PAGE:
The goals of program are to promote strategies for new graduate recruitment and retention, to provide an opportunity to consolidate clinical nursing knowledge in new areas of practice and to provide an opportunity to demonstrate understanding and competence in technical skills and procedures related to the specialty in which they are practising. The program also allows for the application of sound clinical judgment and critical thinking throughout the nursing process in the management of patient skills. The development of time-management and delegation skills is another important goal. The interns and the preceptors are supported by a nursing enhancement coordinator, whose job is to coordinate, implement, evaluate and report on the program.

The Preceptors

Preceptors are selected based on the RN Scope of Practice Assessment Tool; this was developed based on Benner's model (1984). The purpose of the tool is for nurses to self-evaluate their ability to work within the full scope of practice. The tool is based on the Ottawa Hospital's Nursing Professional Practice Model definition and the College of Nurses of Ontario's profile of professional expectations for registered nurses and registered practical nurses. Almada et al. (2004) report that the successful progress from novice to advanced novice nurse is accomplished through a one-to-one relationship, with continuous guidance. The preceptors provide continuous feedback, focusing on the positive steps interns take toward their individual learning goals. The preceptor role begins as a teacher and gradually evolves to a resource person over the 12-week period. Preceptors must be caring, flexible and open, have a positive attitude, be confidence builders and be clinically confident (Guhde 2005). Preceptors are clinical experts in their area and attend a half-day workshop on the role of the preceptor that was developed to address the differences between precepting a student and a novice nurse.

The Interns

Novice nurses apply and are interviewed for the positions. If nurses have less than one year's experience, they are expected to complete the internship in their unit. If they have between one and two years' experience, they complete the internship in another unit. They all attend a half-day orientation where they write their learning objectives for the program. These objectives are reviewed with the preceptor and the nursing educator. One of their objectives is to become familiar with the nursing and healthcare resources that are available to support patient care at the Ottawa Hospital. Workshops and educational sessions are planned during the 12-week period to increase their awareness of the supports available and the organization as a whole.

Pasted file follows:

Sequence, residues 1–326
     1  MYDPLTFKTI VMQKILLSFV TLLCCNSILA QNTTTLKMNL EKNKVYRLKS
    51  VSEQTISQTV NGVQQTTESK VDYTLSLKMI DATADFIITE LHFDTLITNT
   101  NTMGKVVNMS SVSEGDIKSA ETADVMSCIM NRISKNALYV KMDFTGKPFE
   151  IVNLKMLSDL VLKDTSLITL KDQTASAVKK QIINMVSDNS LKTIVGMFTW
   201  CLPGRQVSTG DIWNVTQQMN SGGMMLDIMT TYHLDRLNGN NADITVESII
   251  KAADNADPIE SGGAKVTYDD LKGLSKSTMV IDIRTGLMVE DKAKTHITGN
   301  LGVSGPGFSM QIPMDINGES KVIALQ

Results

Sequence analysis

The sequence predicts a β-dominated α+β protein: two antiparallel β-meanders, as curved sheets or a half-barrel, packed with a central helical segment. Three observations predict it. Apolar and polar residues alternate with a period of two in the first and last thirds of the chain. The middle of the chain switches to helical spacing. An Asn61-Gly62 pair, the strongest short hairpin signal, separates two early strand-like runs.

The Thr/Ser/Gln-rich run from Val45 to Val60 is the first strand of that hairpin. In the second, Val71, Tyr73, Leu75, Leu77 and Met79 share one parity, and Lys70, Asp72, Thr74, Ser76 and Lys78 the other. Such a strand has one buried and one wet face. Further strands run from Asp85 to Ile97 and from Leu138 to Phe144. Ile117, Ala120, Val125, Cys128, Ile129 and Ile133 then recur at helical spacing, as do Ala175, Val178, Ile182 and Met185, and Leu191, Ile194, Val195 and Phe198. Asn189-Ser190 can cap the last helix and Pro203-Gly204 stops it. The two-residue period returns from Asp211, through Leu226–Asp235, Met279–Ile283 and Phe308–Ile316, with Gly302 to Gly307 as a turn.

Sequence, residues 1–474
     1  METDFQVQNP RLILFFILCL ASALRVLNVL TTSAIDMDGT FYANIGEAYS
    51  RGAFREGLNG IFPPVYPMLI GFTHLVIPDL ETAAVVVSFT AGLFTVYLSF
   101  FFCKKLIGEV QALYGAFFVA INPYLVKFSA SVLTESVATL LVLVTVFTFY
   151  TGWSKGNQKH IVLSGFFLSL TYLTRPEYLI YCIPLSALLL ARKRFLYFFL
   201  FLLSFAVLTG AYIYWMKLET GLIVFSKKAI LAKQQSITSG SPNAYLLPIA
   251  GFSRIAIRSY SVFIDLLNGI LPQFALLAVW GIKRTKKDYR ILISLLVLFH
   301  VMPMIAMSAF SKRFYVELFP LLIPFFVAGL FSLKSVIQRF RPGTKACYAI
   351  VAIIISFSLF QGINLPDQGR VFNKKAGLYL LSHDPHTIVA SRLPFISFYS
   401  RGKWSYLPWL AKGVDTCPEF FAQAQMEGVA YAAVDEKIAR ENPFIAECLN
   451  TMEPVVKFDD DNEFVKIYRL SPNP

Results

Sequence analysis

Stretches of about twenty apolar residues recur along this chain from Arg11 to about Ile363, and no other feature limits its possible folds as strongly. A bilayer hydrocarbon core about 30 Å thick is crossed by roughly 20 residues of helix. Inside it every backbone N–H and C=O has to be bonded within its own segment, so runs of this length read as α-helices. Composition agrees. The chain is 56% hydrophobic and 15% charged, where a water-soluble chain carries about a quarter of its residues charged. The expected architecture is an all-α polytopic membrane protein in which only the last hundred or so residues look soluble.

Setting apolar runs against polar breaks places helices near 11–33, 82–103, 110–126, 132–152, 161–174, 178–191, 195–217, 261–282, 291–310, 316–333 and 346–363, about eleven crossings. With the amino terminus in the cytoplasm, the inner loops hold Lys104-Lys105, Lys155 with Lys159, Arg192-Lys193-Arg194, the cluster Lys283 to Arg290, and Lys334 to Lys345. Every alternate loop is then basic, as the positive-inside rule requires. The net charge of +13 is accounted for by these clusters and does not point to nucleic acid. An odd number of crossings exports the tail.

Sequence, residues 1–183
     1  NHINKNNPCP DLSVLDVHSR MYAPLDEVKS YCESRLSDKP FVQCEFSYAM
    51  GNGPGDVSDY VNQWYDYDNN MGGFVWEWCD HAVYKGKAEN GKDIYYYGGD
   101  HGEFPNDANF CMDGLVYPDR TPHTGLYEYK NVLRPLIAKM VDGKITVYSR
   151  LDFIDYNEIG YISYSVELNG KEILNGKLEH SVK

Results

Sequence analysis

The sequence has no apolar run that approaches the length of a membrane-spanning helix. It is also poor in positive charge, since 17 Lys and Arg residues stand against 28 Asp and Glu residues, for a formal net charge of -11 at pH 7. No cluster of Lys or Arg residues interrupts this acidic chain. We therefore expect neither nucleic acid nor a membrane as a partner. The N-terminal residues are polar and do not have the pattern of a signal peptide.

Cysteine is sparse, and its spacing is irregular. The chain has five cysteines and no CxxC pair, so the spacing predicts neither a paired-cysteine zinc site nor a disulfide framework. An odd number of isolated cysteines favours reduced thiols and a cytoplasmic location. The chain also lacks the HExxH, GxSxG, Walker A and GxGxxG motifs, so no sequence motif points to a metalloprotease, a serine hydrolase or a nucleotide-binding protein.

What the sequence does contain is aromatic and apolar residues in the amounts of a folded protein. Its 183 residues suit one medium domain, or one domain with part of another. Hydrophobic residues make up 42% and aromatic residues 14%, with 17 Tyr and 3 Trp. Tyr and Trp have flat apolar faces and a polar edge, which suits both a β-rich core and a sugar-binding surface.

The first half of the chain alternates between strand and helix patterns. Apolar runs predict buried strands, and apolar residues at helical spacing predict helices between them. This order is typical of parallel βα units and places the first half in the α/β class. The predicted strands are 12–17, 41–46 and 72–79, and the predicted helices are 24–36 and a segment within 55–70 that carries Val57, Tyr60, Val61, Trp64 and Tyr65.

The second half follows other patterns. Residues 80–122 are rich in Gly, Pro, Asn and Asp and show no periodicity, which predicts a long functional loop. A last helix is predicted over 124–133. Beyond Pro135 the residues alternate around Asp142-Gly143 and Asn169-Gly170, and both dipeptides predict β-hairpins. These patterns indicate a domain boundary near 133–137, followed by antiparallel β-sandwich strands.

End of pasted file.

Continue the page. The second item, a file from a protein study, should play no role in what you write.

Evaluation

Qualitative and quantitative data are collected. The interns complete a post-internship survey. Results have been consistent with the literature. Interns have reported increased job satisfaction, increased confidence, reduced stress, an increased sense of belonging and increased knowledge, critical thinking, decision-making, time-management and organizational skills. They also have reported learning many new psychomotor skills and having had the time to become proficient. Finally, interns have noted an increased self-esteem, that they have a better understanding of their role as a professional and that they are more marketable.

The clinical managers and educators have reported high satisfaction with the program and the growth that interns demonstrate during the program.  

Both the preceptors and the interns are also asked to complete a post-program survey rating how well the program meets its goals. Overall, 94.1% of respondents have been very satisfied with the program and would recommend it to others. The questionnaire uses a Likert scale, with 0 indicating not applicable and 4 indicating outstanding. Overall, they rated the program at 3.31 in meeting its goals. The results are presented in Table 1.

New graduate turnover is identified as a major issue in the literature, with reports of turnover being as high as 60% during the first year (Casey et al. 2004; Godinez et al. 1999). Our two-year new graduate turnover rate was 23%. However, for the 96 graduates of the Nursing Internship program, we had a 10% turnover rate at two years and a 6% rate at one year, which is well below the suggested turnover rates of new graduates. Low turnover is defined as being between 4 and 12% (VHA 2002). Our normal turnover of registered nurses is just over 6%, so we have decreased our turnover for the nursing internship graduates significantly.

Sixteen of the 96 participants, or 16.6%, have moved into the specialty areas such as the Intensive Care Unit, Operating Room and Emergency Department, while 90% of the nurses who completed their internship in mental health are still working there.